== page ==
The warning signs of suicide can be completed missed by most family members but with the right know- they can be recognized before its too late.  Warning signs of suicide tend to be subtle changes in someone’s typical behavior and not obvious, drastic life changes.  As a psychiatris,t helping families deal with the suicide of a loved one is the most difficult part of my job and family members always ask if they should have recognized the warning signs of suicide and prevented their loved one from killing themselves.  Of course there is never blame to be placed on any family but there definetly are some things to keep in mind if you have a loved one struggling wtih depression or are concerned they may be suicidal.

There are two main types of suicide risk factors used to category overall risk: fixed (unchangeable) and modifiable.  Fixed risk factors include: being male, being over 65, prior suicide attempt, family history of suicide, chronic medical condition.  Examples of modifiable risks include: intoxication with alcohol or drugs, symptoms of anxiety or panic, insomnia, feelings of depression or mania (bipolar disorder), owning or having access to a firearm, having a medical condition that may be better treated and isolating behavior.

Other common concerning behaviors include: expressing hopelessness, giving away prize possessions, making drastic changes in life such as quitting a job abruptly and any behavior that is out of the norm for a loved one.

To clarify, here is an example of a patient with a combinations of fixed and variable risk factors. Recognizing the warning signs of suicide in this person saved his life:  An older man aged 72 was struggling with relatively new onset worsening of depression following having a triple bypass heart surgery. He was left being unable to do activities he usually enjoyed, felt “useless” and was contemplating suicide but never discussed this with any family or friends.    He began to have insomnia on a nightly basis and began to express to his wife the feelings of “seeing no light at the end of the tunnel.”  He had started numerous new medications for his heart health and felt surges of anxiety throughout the day which was a new symptom.  He stopped communicating with his wife as well as he used to and began to isolate himself.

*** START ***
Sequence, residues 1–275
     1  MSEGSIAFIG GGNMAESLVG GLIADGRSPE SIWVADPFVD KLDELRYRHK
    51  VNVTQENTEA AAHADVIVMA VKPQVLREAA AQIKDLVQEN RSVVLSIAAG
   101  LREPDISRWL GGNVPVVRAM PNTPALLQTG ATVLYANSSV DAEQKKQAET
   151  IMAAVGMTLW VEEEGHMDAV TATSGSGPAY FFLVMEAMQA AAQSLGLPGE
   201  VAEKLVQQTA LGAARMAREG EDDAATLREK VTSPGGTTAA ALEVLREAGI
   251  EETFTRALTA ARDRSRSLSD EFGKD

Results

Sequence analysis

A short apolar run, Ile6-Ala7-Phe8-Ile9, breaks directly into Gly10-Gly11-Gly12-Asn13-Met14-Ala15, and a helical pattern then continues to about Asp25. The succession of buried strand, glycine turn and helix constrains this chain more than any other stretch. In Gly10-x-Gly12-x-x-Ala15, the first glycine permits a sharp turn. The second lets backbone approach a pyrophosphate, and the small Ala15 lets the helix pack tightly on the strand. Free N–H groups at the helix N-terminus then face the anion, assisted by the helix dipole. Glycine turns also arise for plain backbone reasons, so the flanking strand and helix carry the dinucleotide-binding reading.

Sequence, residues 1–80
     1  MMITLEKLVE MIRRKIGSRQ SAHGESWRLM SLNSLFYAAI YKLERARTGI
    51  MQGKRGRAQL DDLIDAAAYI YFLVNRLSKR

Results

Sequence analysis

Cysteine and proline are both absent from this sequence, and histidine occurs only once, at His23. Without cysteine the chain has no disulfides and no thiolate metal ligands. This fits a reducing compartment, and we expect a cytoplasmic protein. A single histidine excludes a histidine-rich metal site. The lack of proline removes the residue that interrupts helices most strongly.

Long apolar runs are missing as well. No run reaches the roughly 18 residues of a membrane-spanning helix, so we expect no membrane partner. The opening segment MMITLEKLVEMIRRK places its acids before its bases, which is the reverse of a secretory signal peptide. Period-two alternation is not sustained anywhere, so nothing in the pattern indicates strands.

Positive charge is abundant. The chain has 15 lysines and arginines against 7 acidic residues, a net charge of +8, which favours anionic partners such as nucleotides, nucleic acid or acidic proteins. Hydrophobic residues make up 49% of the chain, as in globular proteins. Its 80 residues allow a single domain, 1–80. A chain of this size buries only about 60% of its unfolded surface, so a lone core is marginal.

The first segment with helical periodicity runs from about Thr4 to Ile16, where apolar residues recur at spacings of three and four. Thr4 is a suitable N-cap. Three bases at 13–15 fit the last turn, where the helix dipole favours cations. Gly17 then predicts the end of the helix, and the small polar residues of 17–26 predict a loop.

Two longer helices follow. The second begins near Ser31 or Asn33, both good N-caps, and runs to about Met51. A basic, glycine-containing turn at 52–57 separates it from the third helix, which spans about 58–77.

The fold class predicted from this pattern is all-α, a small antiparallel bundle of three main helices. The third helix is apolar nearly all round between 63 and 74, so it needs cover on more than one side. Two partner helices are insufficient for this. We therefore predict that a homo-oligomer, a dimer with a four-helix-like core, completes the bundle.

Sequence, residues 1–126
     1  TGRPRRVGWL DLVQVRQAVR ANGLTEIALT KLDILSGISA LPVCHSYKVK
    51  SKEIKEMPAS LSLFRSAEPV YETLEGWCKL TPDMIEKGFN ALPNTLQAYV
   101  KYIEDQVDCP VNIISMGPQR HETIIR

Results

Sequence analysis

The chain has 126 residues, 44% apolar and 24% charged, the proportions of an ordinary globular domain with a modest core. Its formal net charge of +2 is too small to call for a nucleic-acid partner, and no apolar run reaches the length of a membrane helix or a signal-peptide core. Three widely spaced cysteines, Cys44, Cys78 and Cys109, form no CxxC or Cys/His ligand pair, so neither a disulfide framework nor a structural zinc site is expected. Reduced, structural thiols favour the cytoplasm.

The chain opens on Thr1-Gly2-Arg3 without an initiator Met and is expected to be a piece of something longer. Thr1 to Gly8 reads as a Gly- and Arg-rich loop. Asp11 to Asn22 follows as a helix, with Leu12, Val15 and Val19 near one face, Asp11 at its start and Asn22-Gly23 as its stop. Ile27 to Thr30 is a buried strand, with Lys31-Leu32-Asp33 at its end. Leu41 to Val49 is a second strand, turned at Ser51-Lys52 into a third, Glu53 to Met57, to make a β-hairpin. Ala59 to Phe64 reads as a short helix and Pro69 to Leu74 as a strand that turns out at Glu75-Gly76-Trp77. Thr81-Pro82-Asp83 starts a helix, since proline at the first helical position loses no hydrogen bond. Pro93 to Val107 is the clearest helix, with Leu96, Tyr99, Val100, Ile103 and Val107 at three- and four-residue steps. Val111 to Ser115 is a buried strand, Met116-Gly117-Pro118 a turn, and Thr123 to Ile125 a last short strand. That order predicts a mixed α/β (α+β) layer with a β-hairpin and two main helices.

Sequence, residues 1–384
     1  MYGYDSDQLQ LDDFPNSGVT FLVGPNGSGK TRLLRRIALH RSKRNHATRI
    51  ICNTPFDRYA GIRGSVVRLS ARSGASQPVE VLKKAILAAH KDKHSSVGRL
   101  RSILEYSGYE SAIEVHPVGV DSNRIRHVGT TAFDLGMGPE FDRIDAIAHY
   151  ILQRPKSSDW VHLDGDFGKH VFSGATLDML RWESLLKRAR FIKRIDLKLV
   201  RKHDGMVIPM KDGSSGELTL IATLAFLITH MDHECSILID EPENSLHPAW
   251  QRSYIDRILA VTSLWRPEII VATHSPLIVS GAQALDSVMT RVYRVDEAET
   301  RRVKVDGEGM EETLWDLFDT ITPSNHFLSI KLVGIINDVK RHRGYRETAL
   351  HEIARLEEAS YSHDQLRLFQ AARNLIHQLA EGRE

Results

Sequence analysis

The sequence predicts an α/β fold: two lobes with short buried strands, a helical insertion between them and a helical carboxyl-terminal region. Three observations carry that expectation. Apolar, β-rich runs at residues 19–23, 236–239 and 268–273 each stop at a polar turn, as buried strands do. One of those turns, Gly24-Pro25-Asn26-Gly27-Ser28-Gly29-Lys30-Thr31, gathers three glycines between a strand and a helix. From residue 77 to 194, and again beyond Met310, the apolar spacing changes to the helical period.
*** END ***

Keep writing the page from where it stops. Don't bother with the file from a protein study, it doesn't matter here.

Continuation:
Luckily the patient was very open with me but his family was quite surprised when he finally did tell them he had been contemplating suicide.  Here are the important risk factors he displayed-

-fact he was older and male

-new insomnia, and anxiety

-new chronic debilitating medical condition

-isolation and expressing hopelessness

Fortunately I was able to work with this patient and their family to help him with some of the modifiable risk factors.  We controlled his anxiety with cognitive behavioral therapy and medication. Treated his insomnia with relaxation techniques.  Started regular psychotherapy and focused on learning how to enjoy life with his limitations again and he began to have hope about the future.  I made sure he had no firearms at home.  I continued to treat his depression with medications and the psychotherapy.  I worked with his cardiologist to change some of the heart medicines that were worsening his anxiety and overall he was much more comfortable, less anxious, was sleeping, was hopeful about the future and luckily was not using alcohol or drugs.

In this case, recognizing the warning signs of suicide is straightforward if you know what to look for, yet in reality, unless a family knows to watch for them, they often go unnoticed.   Family members can also help by opening a good ongoing line of communication regarding how their family feels.  In general being really supportive and upbeat to instill a sense of hope can go a long way. Sometimes when someone cannot see any end to their suffering, it pushes them over the edge to complete suicide, so any hope that family can instill can prevent someone from crossing the ledge with no return.

 

Michael Yasinski M.D